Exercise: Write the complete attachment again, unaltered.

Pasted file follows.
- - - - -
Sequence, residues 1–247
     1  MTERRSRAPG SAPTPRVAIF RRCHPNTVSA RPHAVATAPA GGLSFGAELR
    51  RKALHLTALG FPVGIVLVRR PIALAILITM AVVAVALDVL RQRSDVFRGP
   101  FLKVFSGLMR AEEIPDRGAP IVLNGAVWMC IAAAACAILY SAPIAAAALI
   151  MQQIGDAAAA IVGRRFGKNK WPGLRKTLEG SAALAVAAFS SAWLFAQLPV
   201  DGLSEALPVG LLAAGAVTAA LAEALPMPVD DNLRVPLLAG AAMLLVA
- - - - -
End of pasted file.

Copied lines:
Sequence, residues 1–247
     1  MTERRSRAPG SAPTPRVAIF RRCHPNTVSA RPHAVATAPA GGLSFGAELR
    51  RKALHLTALG FPVGIVLVRR PIALAILITM AVVAVALDVL RQRSDVFRGP
   101  FLKVFSGLMR AEEIPDRGAP IVLNGAVWMC IAAAACAILY SAPIAAAALI
   151  MQQIGDAAAA IVGRRFGKNK WPGLRKTLEG SAALAVAAFS SAWLFAQLPV
   201  DGLSEALPVG LLAAGAVTAA LAEALPMPVD DNLRVPLLAG AAMLLVA